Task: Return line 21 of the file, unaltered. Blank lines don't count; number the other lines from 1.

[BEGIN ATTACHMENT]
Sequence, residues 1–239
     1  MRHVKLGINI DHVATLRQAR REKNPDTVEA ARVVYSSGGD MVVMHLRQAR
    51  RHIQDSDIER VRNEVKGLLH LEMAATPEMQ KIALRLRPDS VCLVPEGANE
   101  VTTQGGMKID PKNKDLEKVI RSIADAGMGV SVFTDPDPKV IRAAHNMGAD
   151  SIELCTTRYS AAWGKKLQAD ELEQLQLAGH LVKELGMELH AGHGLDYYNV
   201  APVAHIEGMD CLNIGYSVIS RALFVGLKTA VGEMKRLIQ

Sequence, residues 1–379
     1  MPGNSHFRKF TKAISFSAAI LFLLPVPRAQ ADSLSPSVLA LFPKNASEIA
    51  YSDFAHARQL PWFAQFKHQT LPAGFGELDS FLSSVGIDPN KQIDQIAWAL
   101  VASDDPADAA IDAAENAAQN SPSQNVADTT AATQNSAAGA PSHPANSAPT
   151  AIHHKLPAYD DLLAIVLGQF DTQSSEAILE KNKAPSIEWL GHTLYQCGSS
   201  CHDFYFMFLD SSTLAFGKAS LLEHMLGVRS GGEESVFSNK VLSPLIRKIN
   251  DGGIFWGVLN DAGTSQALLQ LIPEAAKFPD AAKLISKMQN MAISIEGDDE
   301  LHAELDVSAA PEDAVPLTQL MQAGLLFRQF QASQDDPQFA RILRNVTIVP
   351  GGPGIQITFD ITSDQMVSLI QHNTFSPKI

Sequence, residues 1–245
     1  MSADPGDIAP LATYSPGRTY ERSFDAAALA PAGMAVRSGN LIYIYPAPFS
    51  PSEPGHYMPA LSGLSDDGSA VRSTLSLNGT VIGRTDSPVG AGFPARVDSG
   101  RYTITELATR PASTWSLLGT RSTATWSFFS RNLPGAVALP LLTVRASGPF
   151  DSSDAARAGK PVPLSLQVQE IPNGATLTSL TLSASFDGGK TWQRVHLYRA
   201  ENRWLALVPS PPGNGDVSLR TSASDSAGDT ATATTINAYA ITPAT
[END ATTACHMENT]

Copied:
   201  ENRWLALVPS PPGNGDVSLR TSASDSAGDT ATATTINAYA ITPAT